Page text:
With the secession of the southern states, the river-bound trade routes from Cairo south were closed down. This left a large number of Illinois-based riverboat crews unemployed in the summer of 1861. But they didn’t lack for work for long. As the Union Army arrived in the area and began planning offensives down the great rivers of the west, these crews soon found themselves in the service of the Union Navy. Before long Mound City, Illinois, would be a principal U.S. Navy facility, and crews based out of Mound City would be supporting the Union Army in battle along the Tennessee and Cumberland rivers.

In the late summer, Union troops began moving into Missouri and Kentucky. These border states had remained loyal to the union, but their territory was still contested. The 1st Illinois Cavalry battled Confederate forces at Lexington, Missouri, as other Illinois troops helped secure territory west of the Mississippi. Meanwhile, on September 5, 1861, the 9th and 12th Illinois crossed the Ohio and took the city of Paducah, Kentucky, to keep it out of Confederate hands and to establish a foothold south of the Ohio for the planned Union advance. As more Illinois regiments began arriving, they would expand Union control of western Kentucky and fight skirmishes with Confederate troops throughout Missouri.

Experienced officers to command these new regiments were hard to find in 1861. In some cases, veterans of the Mexican War would be promoted and placed at the head of a company or regiment. In others, local officials with no combat experience at all were given command. These arrangements, made out of necessity and in haste, produced varied results.

One such Mexico veteran was Ulysses S. Grant. Grant recruited a company of soldiers from his home town of Galena. The West Point graduate brought these troops to Springfield, then took a job as a clerk mustering soldiers into service, but his services were soon required elsewhere. Promoted to Colonel and placed in command of the 21st Illinois in June, Grant led the 21st on patrols into Missouri throughout that summer, without a major engagement. In August he was promoted to Brigadier General and relinquished command of the regiment. After the war, the 21st’s official history would include this notation: “It will ever be a pleasing thought with the men who composed this gallant Regiment to remember that the man who first led them in defense of their country’s flag became the most illustrious soldier and distinguished citizen of the age and generation in which he lived.”

*Left to Right: John A. Logan, John A. McClernand, and Ulysses S. Grant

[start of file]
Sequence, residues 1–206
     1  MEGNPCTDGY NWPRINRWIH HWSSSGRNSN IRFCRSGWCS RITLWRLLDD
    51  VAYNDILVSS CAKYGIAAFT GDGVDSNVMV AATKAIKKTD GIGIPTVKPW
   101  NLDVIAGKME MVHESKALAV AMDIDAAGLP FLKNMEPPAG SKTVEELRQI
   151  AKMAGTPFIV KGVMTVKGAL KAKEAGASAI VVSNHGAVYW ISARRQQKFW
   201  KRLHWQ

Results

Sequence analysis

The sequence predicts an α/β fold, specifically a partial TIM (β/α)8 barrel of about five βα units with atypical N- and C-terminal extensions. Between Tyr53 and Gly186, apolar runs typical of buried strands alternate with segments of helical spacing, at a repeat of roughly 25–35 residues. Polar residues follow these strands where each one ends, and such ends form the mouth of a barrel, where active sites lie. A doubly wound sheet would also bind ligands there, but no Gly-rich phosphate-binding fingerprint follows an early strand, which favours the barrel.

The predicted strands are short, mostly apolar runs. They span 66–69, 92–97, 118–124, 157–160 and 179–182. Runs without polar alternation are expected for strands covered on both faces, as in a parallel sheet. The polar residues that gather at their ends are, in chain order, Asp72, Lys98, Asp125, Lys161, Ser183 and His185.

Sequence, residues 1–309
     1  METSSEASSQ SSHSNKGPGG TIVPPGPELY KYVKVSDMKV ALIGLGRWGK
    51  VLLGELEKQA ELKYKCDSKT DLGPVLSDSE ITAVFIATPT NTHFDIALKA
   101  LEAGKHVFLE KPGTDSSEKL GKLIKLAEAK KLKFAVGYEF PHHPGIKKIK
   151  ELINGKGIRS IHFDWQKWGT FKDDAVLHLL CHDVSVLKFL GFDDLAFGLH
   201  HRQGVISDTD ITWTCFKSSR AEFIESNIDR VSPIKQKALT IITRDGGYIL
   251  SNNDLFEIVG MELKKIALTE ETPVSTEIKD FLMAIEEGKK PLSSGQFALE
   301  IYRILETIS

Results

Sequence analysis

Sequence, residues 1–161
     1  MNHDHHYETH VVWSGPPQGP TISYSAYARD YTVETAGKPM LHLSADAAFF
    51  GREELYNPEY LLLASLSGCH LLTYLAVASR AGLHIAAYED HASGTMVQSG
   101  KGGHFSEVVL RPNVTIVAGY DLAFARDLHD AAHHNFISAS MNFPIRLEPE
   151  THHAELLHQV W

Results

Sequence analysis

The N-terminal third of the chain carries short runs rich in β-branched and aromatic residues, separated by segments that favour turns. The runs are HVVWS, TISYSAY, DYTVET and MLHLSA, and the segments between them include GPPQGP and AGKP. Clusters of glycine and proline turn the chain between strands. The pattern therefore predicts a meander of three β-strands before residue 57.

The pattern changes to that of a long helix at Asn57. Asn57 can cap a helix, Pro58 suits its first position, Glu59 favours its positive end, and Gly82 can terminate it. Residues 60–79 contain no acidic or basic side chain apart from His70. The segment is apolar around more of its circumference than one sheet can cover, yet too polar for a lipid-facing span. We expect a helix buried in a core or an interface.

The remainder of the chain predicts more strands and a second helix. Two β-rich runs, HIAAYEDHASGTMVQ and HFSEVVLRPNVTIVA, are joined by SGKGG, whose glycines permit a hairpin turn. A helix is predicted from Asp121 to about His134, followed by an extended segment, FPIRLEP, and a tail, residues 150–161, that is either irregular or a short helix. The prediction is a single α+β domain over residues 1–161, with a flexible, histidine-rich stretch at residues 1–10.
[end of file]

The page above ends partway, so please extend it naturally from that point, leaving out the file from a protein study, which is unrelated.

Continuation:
Congressman John McClernand was made a brigadier general and placed in command of a brigade of Illinois troops moving into Kentucky. Another Congressman, John A. Logan, witnessed the battle of Bull Run as a civilian before taking up arms to try and stem the panicked retreat of the Union Army. By November, he was a colonel commanding the 31st Illinois under McClernand at the battle of Belmont, Missouri. In that same brigade at Belmont was the 30th Illinois, commanded by Congressman-turned-Colonel Philip Fouke.

Yates, meanwhile, took to the speaking circuit alongside other Illinois leaders who rallied the state’s population to support the Union. Lincoln’s recently-defeated foe Stephen Douglas threw himself into the cause, “There can be no neutrals in this war,” Douglas said, “only patriots and traitors.” When some questioned the loyalty of the residents of southernmost Illinois, Logan gave a fiery speech at Marion on August 19 which is widely credited with rallying the region to the cause of saving the Union. “The time has come when a man must be for or against his country,” Logan said. “I for one shall stand or fall for this Union and shall this day enroll for the war. I want as many of you as will come with me.”

In April, the War Department had called for Illinois to send six regiments for service in the war. By the end of 1861, nearly ten times that number were in service or being organized. Many more would follow. Most; but not all; of these regiments would be assigned to the western armies of the Union. As 1861 ended, the Union Army was poised to begin its plunge into Tennessee and Mississippi, carrying it to places whose names would be etched forever on American history; names like Shiloh and Vicksburg.

Much of the fighting in those great battles would be done by Illinoisans who in 1861 had answered the call.
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The histories of every Illinois regiment mustered into service for the Civil War are maintained by the Secretary of State in the Illinois State Archives and can be reviewed here.

*Photos from Illinois and the Civil War Documents Collection, Illinois Digital Archives - A service of the Illinois State Library and the Office of the Secretary of State.